Jack Gleeson was always one of those guys you’d hear great things about, but couldn’t quite imagine. He didn’t do too many interviews, or even big splashy premieres; he was always just a bit removed from the usual frenetic Game of Thrones hubbub.
Still, we can say we know more about him now than we did back when the casting was first announced. Back then he was just “That kid from Batman Begins.” (Touting a cute face and a pretty darned good American accent but not much else, really.)
(In fact, one early casting mention affixed a picture of deceased American Hollywood icon Jackie Gleason, if you can believe that!)
Of course once he strutted onto the screen in his Joffrey boots, well, there was little doubt that this kid was Joffrey Baratheon.
He was, at the very least, the Boy Who Launched a Thousand Memes, and the YouTube video of Tyrion slapping him for ten minutes straight (to the jolly tune of Led Zeppelin’s Achilles Last Stand) basically went viral.
Certainly, Joffrey could seem two-dimensional to some. He had few, if any, redeeming qualities. It was easy to hate him.
But I’ll say this for Jack: he played the role with vicious relish. And just when you thought he was coming close to caricature, he’d throw us a performance like in The North Remembers, playing so brilliantly off of Lena Headey’s Cersei, or in Dark Wings, Dark Words, where you see Joffrey’s cautious but burgeoning attraction to Margaery. Gleeson and Dormer had very interesting chemistry.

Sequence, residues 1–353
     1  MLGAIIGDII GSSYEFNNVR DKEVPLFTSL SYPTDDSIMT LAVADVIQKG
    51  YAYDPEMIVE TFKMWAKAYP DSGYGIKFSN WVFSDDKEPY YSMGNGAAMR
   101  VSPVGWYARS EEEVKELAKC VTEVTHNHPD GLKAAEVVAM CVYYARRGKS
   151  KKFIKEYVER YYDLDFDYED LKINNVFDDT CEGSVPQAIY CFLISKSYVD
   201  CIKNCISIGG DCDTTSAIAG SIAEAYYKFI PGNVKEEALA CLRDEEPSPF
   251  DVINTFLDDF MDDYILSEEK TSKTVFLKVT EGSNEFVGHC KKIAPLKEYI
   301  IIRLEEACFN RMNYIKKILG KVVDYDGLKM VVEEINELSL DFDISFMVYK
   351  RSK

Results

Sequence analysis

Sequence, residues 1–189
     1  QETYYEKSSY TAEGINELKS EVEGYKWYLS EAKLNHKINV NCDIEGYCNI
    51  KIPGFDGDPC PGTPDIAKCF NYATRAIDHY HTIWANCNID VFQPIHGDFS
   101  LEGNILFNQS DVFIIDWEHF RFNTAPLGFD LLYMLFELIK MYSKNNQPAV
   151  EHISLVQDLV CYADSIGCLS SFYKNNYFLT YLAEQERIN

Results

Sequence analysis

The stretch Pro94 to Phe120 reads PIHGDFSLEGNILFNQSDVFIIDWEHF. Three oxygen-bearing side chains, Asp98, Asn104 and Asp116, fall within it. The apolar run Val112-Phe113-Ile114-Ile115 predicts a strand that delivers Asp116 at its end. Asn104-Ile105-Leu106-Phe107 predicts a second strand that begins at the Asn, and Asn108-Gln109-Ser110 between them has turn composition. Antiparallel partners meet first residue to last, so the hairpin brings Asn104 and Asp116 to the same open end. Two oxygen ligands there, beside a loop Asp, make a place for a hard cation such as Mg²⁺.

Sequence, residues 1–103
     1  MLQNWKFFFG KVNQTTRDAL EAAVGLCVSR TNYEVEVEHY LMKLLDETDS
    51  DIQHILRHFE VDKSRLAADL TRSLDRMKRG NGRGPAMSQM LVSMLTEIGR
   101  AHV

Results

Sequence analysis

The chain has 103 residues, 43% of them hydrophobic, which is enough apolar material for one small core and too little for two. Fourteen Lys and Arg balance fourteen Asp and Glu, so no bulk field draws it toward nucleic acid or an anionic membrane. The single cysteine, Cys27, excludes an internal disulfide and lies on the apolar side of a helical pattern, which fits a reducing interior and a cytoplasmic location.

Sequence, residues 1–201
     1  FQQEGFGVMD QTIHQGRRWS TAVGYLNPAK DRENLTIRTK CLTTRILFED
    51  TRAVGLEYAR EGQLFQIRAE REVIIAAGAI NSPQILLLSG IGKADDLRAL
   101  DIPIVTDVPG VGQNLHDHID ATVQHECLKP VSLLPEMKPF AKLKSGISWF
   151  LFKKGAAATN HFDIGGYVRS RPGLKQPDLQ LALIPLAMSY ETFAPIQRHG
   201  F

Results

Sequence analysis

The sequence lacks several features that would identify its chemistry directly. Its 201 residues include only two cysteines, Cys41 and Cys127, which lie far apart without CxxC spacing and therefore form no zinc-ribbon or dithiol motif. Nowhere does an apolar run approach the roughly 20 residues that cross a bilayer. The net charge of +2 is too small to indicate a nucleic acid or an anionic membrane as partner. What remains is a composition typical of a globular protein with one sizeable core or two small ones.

My absolute favorite, however, was his throne room scene with Charles Dance in The Bear and the Maiden Fair. Jack plays Joffrey at first in control and looking to gain a little traction on ol’ grand-dad… but as Tywin slowly ascends those stairs, you see Joffrey slowly shrink away; Jack’s shoulders squeeze in, his body looking almost tortured. He’d rather be any place but here. It’s a fantastic midstream physical transformation that, for me, was the telling scene in Jack’s gloriously portrayal of this narcissistic psychopath.
I know, we say it so often it’s rote: In Nina Gold we Trust. But it’s remarkable, isn’t it? She finds the perfect pieces, and in Jack she grabbed for us the perfect actor to portray the one we most loved to hate.
Of course the rumor mill is rife with word that Jack does’t intend to act any more–at least not onscreen. Some people are fine with this. I am, if it makes him happy. It can be an empty career choice if the obvious rewards aren’t what pull a man’s heart. In the interviews I’ve seen and read, Jack seems like he’s got a good head on his shoulders. He’s still pursuing an academic career. Our loss would be his students’ gain, and really… isn’t that a better way to impact young lives?
Whatever his road, I wish him the best. It’s been a five year journey, and he’s helped to tell a tale that I think will be seen as one of the hallmarks of the early 21st century. He owes us nothing else.
But if he ever does decide to wander back onto our screens, be they silver or otherwise, you can bet I’ll be in line to see what Jack Gleeson has in store for us.
From the bottom of our bottom-supporting hearts–Thank You, Jack.